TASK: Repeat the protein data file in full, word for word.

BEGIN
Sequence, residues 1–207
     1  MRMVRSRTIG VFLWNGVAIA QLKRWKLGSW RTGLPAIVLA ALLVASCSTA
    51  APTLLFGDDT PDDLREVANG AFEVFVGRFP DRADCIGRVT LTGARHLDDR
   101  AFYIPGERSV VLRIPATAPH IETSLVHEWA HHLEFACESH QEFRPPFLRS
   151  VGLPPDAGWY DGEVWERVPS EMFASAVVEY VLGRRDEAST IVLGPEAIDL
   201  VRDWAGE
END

Sequence, residues 1–207
     1  MRMVRSRTIG VFLWNGVAIA QLKRWKLGSW RTGLPAIVLA ALLVASCSTA
    51  APTLLFGDDT PDDLREVANG AFEVFVGRFP DRADCIGRVT LTGARHLDDR
   101  AFYIPGERSV VLRIPATAPH IETSLVHEWA HHLEFACESH QEFRPPFLRS
   151  VGLPPDAGWY DGEVWERVPS EMFASAVVEY VLGRRDEAST IVLGPEAIDL
   201  VRDWAGE